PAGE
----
How much damage did Newark Mayor Cory Booker do to President Obama’s reelection campaign on Meet the Press yesterday? It is still far too early to tell, but judging from the swift reaction of Obama’s campaign, Chicago must view the potential damage to be huge.
The fun started on Sunday when David Gregory asked Booker to defend the Obama campaign ads attacking Romney over his tenure at Bain Capital. Booker responded:
As far as that stuff, I have to just say from a very personal level, I’m not about to sit here and indict private equity. To me, it’s just this–we’re getting to a ridiculous point in America, especially that I know. I live in a state where pension funds, unions and other people are investing in companies like Bain Capital. If you look at the totality of Bain Capital’s record, it ain’t–they’ve done a lot to support businesses, to grow businesses, And this, to me, I’m very uncomfortable with.
This kind of stuff is nauseating to me on both sides. It’s nauseating to the American public. Enough is enough. Stop attacking private equity, stop attacking Jeremiah Wright. This stuff has got to stop because what it does is it undermines, to me, what this country should be focused on. It’s a distraction from the real issues. It’s either going to be a small campaign about this crap or it’s going to be a big campaign, in my opinion, about the issues that the American public cares about.
The Romney campaign could not have scripted a better response. And the progressive left began to attack him mercilessly. Salon called him “the surrogate from hell,” Digby called him a “concern troll,” and Atrios made him the Wanker of the Day.
Initially Booker stood his ground, tweeting out two messages echoing his sentiments from Meet the Press. But Obama’s Chicago enforcers eventually caught up with him. At 9 PM Booker posted a three minute 42 second video on his own YouTube channel “expanding” his explanation of support for Obama. Just in case the Booker video was too nuanced, Obama spokesman Ben LaBolt tweeted out a link to a separate YouTube channel that clipped 35 seconds from Booker’s video, where Booker attacks Romney and supports Obama’s decision to do the same.
Booker’s Meet the Press bungle will probably be forgotten by election day, but it is a symptom of a much larger problem for Obama. He has no positive record to run on. His advisers know he can only win by tearing down Romney. But this strategy is the opposite of the brand he established in 2008. The “Hope and Change” are gone. This is not the last time we are going to see Obama surrogates fail to stay on Chicago’s reelection message. Unlike Obama, many of them will have to face voters again.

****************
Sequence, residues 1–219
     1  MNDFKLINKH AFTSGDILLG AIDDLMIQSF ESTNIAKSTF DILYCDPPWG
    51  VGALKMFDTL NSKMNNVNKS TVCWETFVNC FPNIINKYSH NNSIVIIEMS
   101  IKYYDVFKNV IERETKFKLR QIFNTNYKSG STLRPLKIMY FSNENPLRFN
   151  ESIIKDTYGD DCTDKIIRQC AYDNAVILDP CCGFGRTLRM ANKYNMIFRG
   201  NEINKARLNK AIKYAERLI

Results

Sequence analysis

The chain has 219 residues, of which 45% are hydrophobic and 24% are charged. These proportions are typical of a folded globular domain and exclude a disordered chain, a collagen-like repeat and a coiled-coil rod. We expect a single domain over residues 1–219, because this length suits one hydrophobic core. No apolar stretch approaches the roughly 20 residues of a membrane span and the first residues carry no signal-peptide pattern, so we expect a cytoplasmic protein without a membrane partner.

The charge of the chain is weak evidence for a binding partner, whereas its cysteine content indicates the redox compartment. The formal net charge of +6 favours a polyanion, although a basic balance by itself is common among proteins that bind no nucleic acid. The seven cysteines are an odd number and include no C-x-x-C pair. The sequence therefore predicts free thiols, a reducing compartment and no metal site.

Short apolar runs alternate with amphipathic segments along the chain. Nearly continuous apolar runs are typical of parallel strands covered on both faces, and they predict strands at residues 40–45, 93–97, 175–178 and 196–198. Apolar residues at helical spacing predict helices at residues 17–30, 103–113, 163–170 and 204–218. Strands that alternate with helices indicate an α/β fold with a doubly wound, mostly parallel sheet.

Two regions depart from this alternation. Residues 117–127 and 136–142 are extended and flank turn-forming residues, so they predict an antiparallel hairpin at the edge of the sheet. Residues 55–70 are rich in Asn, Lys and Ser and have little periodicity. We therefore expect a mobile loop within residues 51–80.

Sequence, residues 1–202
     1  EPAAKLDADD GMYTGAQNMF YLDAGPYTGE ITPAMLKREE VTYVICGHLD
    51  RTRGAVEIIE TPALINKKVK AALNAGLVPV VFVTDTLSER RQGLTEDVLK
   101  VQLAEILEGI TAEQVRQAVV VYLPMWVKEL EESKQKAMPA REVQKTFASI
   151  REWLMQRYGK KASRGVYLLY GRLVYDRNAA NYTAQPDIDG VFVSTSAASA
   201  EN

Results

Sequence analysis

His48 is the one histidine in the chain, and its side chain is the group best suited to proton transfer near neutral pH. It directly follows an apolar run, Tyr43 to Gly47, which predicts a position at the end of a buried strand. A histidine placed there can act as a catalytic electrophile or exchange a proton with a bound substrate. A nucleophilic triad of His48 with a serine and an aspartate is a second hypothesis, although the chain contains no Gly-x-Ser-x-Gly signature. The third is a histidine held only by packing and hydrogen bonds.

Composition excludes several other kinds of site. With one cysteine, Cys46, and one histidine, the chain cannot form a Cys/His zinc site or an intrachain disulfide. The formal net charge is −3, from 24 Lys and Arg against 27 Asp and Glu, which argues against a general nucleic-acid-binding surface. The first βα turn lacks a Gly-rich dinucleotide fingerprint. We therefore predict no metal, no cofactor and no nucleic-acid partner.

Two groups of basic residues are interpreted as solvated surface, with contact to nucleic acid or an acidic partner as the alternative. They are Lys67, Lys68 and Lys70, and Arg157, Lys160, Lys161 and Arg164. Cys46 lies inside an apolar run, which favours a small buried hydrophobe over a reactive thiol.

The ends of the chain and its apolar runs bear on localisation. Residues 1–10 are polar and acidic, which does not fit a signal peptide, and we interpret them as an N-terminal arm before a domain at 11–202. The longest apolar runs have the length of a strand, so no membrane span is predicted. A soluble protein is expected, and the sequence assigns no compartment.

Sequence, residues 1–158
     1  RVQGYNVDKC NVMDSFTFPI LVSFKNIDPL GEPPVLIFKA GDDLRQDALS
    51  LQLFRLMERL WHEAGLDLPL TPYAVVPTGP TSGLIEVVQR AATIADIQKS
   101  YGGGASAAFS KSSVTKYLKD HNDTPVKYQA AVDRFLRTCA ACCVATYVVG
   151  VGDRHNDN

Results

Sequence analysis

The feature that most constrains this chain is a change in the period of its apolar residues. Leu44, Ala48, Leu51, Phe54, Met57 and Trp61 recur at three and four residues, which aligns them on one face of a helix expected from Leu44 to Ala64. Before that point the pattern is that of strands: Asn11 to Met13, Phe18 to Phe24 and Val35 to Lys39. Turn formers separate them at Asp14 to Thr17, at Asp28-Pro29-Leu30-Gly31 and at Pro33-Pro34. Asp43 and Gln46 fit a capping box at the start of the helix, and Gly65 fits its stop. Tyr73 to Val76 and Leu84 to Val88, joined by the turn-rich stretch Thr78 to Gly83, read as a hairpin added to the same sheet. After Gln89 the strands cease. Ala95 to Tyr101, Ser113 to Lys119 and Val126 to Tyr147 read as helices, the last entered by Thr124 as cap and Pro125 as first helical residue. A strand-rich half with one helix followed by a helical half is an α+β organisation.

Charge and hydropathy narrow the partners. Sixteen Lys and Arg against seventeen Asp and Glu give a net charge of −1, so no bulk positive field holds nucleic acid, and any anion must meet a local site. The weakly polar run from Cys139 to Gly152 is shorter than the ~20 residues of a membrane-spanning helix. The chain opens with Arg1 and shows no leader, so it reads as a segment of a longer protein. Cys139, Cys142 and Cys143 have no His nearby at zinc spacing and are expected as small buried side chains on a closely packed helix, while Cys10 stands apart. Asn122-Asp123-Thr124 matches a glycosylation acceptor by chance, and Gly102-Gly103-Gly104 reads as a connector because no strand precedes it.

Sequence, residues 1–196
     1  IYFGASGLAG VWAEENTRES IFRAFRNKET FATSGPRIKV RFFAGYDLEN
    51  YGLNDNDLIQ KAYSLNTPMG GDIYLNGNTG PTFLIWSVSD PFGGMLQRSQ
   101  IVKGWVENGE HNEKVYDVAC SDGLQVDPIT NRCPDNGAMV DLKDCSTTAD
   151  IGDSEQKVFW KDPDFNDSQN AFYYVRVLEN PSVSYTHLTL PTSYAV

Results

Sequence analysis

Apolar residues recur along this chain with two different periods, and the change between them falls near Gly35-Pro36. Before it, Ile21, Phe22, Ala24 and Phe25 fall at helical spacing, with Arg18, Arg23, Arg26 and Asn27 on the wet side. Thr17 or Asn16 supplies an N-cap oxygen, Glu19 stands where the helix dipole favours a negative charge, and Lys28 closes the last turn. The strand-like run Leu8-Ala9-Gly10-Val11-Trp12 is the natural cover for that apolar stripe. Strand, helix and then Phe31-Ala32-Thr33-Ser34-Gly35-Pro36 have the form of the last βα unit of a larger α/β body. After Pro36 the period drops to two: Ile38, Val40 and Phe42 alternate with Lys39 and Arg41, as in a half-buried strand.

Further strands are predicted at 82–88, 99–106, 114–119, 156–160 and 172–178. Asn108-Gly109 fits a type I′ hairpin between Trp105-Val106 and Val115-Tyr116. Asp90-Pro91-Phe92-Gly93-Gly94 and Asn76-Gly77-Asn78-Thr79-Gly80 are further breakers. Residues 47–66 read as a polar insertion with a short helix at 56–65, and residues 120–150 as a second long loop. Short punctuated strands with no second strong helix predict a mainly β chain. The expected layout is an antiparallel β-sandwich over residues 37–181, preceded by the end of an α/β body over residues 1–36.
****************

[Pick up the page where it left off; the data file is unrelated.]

Politico, Obama super PAC slump continues: The pro-Barack Obama super PAC Priorities USA Action is still struggling to keep up with GOP super PACs preparing to unleash millions of dollars in independent advertisements. Priorities USA Action raised $1.6 million in April, according to federal records released late Sunday. It’s the smallest haul the group has pulled in since the meager $59,000 the group raised in January.
Veepstakes: In South Carolina, Sen. Marco Rubio, R-Fla., called Obama the most “divisive figure in modern American history.” And in The Wisconsin State Journal, Rep. Paul Ryan, R-Wis., outlines “a better future for graduates.”
Wisconsin: The Milwaukee Journal-Sentinel has endorsed Gov. Scott Walker: “We see no reason to remove Walker from office. We recommend him in the June 5 recall election.”
Around the Bigs
The Washington Post, White House visitor logs show lobbying going strong: A Washington Post review of White House visitor logs shows that the lobbying industry Obama has vowed to constrain is a regular presence at 1600 Pennsylvania Ave. The records also suggest that lobbyists with personal connections to the White House enjoy the easiest access.
The New York Times, Supply Lines Cast Shadow at NATO Meeting on Afghan War: At this weekend’s G8 meeting, President Obama failed to close a deal to reopen supply lines through Pakistan to Afghanistan.
Los Angeles Times, Gays may have the fastest of all civil rights movements: Attitudes toward gays and lesbians have changed so much in just the last 10 years that, as Gallup reported last week, “half or more now agree that being gay is morally acceptable, that gay relations ought to be legal and that gay or lesbian couples should have the right to legally marry.”
The Wall Street Journal on Bain Capital 101.
The Weekly Standard’s Jay Cost advises Romney to “Keep it Simple.”
At The Corner, Jonah Goldberg responds to Joe Klein.
The Washington Post‘s EJ Dionne says the election will come down to a choice between two capitalisms.
The New York Times Andrew Rosenthal advises Obama to run on “fairness.”
ThinkProgress attacks CNN’s Campbell Brown for being married to Dan Senor, a Romney advisor.